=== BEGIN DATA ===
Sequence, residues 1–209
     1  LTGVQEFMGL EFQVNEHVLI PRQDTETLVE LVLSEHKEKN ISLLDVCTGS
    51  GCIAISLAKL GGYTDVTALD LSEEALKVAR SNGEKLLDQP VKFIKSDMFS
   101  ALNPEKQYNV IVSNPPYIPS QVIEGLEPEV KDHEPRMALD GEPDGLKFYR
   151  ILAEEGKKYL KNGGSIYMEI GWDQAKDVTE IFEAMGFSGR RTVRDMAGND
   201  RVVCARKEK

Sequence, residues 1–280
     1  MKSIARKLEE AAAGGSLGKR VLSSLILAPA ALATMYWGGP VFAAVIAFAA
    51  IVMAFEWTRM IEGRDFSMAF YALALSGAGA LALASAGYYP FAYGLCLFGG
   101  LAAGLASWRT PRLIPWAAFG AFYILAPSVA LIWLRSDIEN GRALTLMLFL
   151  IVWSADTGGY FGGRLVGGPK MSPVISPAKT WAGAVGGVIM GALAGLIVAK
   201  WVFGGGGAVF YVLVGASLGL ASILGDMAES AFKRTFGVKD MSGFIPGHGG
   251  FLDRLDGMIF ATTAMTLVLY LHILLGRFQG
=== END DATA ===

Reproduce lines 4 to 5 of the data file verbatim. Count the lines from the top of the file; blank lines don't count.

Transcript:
   101  ALNPEKQYNV IVSNPPYIPS QVIEGLEPEV KDHEPRMALD GEPDGLKFYR
   151  ILAEEGKKYL KNGGSIYMEI GWDQAKDVTE IFEAMGFSGR RTVRDMAGND